Tuesday, January 6, 2009

US Army relaxes weight requirements

Ummm, I hate to tell the Army this but this just is not a good idea. Relaxing weight requirements to get bodies enlisted and then telling them they have a year to meet the stricter weight requirements to stay enlisted is setting people up for failure.
The recently-introduced waiver program allows enlistees who don't qualify for the military because of their weight a chance to shape up after joining. So far, the program has helped the Army make its recruiting goals in what remains a tight recruiting market.

Yeah, this is really going to work. Make those recruits exercise more and eat less. They might meet those regular standards, for a while. What happens when that weight loss can't be sustained? You're going to tell them to repeat the diet and exercise, they might lose the weight again, and how much harm are they doing to their health while trying to meet an arbitrary standard (BullshitMI), repeatedly? Is that really what you want? How about setting standards for what they are supposed to be able to do, and not bringing weight into it at all? Can they carry that field pack of 90 lbs of gear, wearing a 30 lb flak jacket and march however far they're going to have march in the field? If they can do that on field rations, then what does it matter if they're 5, or 10, or 15 lbs heavier than the BullshitMI chart says they should be?
The Army's weight waiver program rests largely on a distinction between individuals who are overweight or obese and those who are physically fit but whose "body mass index," or BMI, doesn't meet Army standards.
"The point is to get the football-player kinda kids. It's not to get the couch-potato kids," says Beth Asch, a senior economist at the Rand Corporation who studies military recruiting.

Ummmm, I hate to tell ya this, miss senior economist (which has absofuckinglutely nothing to do with nutrition or health), not all couch potato kids are fat. Some of them are thin, some are fat, some are in-between. Not all football-player kinda kids are in optimal shape either (neither are they all in bad health, but you can't tell a kid's health just by looking at them).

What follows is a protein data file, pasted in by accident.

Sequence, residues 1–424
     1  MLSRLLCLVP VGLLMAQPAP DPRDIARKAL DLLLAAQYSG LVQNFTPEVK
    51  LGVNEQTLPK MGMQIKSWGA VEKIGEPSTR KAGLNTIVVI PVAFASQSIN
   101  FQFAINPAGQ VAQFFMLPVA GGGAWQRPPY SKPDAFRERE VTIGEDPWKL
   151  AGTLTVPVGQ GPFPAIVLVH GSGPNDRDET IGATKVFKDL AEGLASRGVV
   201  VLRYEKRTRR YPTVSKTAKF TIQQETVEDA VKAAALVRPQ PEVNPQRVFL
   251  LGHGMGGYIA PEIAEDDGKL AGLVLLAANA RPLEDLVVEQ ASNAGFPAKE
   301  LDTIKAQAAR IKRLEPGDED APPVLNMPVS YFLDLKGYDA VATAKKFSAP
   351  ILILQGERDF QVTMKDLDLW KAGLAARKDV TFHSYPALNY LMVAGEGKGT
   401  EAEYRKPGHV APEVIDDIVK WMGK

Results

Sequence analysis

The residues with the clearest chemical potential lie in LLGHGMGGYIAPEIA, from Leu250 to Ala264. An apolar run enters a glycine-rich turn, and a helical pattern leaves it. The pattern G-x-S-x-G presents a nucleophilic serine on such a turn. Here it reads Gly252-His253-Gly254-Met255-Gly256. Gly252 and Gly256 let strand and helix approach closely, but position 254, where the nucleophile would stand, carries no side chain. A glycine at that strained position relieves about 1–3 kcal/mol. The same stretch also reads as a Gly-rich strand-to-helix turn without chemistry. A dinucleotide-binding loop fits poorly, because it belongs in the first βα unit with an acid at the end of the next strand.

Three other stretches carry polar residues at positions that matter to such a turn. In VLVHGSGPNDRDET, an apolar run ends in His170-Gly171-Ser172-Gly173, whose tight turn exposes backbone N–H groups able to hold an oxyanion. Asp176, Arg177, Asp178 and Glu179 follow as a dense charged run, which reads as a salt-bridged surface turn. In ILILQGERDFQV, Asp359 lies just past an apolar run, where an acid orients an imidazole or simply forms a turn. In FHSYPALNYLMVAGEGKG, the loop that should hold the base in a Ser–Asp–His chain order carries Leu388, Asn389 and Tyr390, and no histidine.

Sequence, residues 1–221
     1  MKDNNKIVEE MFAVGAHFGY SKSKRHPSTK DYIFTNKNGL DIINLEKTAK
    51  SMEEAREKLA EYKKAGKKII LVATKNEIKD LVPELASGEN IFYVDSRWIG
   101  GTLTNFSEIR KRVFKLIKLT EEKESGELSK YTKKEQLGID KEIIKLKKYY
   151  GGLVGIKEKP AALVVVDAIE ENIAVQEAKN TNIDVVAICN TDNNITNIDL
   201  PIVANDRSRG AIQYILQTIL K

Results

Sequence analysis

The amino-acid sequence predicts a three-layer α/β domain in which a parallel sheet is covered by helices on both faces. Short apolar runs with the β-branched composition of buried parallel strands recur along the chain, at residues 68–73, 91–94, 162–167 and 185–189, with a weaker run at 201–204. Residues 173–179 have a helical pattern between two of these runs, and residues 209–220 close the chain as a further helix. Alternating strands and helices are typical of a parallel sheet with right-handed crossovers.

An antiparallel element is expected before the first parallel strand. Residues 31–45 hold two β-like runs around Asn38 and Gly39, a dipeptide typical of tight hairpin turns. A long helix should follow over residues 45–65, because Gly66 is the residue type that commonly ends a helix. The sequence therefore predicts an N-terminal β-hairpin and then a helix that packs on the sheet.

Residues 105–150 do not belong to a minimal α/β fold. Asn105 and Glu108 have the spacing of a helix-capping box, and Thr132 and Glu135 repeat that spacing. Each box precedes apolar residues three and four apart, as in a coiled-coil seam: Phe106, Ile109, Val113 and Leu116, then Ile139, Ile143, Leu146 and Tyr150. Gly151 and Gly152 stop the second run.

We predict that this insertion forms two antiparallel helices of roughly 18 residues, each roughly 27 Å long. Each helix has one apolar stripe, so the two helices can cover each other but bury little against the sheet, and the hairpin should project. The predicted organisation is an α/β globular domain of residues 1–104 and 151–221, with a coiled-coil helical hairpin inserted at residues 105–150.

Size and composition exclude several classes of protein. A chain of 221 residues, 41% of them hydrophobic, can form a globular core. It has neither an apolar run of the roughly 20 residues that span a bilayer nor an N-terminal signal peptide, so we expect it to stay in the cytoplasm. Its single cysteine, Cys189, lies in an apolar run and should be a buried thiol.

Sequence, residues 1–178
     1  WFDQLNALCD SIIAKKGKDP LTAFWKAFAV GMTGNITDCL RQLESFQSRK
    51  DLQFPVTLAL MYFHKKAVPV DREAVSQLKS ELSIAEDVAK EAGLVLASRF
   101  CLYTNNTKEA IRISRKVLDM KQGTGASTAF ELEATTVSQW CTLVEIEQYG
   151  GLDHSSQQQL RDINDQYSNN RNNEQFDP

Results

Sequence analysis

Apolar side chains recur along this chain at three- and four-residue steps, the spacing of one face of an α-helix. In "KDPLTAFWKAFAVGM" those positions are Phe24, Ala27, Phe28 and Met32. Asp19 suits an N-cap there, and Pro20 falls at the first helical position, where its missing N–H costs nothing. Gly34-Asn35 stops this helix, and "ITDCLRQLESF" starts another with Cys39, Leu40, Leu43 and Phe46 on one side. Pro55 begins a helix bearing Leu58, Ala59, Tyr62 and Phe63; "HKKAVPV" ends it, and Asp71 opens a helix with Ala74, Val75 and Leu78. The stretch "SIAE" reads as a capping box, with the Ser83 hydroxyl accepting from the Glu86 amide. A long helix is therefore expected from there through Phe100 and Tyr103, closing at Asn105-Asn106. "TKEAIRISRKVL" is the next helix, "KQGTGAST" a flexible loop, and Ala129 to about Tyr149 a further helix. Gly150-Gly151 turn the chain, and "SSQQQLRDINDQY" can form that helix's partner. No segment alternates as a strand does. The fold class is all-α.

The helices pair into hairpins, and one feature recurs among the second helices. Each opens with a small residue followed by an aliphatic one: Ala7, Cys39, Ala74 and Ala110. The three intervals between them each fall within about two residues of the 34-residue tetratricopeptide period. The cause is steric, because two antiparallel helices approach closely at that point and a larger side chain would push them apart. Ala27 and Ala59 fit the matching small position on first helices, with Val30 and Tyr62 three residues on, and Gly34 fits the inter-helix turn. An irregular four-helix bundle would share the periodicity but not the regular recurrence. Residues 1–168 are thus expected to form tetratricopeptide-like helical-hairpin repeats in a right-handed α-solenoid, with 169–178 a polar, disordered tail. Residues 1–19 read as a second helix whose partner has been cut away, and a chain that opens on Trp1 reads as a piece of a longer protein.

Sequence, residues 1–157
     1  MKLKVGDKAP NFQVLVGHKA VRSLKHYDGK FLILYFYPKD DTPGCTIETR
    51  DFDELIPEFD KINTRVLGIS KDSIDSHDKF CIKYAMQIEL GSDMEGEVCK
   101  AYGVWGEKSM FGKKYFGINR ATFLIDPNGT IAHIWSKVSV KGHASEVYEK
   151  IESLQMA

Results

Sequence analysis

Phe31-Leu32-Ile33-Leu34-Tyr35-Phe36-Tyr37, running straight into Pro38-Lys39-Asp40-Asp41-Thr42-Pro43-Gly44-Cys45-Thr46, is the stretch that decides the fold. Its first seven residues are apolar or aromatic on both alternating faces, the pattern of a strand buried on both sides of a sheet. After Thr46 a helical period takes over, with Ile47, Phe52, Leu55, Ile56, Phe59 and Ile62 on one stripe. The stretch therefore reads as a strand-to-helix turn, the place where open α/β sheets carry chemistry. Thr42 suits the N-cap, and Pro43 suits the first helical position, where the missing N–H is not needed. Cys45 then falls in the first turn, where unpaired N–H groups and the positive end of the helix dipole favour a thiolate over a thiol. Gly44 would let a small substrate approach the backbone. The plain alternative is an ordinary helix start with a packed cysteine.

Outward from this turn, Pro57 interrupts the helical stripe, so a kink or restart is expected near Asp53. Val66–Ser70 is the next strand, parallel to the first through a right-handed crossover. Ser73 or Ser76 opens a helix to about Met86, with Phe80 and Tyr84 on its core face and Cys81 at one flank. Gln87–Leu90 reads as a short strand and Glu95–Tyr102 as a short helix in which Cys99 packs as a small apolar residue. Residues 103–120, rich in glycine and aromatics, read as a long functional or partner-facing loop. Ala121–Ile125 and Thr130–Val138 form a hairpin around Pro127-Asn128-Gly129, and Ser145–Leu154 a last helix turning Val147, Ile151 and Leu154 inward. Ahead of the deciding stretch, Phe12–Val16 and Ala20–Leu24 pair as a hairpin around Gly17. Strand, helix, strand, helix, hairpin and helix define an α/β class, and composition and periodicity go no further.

Excess weight is the chief reason many individuals can't enlist.
It's no secret that today's youths gobble up french fries and suck down Big Gulps. At the same time, fewer are getting exercise. The percentage of young adults considered obese – with a BMI greater than 30 – has grown sharply in recently years.

There is just so much wrong with the above statement. So many mythperceptions that these supposedly intelligent people should know better than to believe (but I keep forgetting that "government intelligence" is an oxymoron). Fat kids don't eat any more or any differently than thin kids (given the same socio-economic standards). Fast food isn't why people are fatter nowadays, it's because some moron decided it would be a good idea to lower the BullshitMI standards 10 years ago. If the standards hadn't been lowered, maybe the Army wouldn't be in the shape it's in now (pun fully intended) since those recruits who are 5 - 20 lbs "overweight" now wouldn't have been 10 years ago.
And excuse me, kids are getting the same amount of exercise now that they have been for the last, oh, 50 years or so. That hasn't changed. What has changed is that kids are getting taller, and taller kids weigh more than shorter kids (that should be common sense, for crying out loud).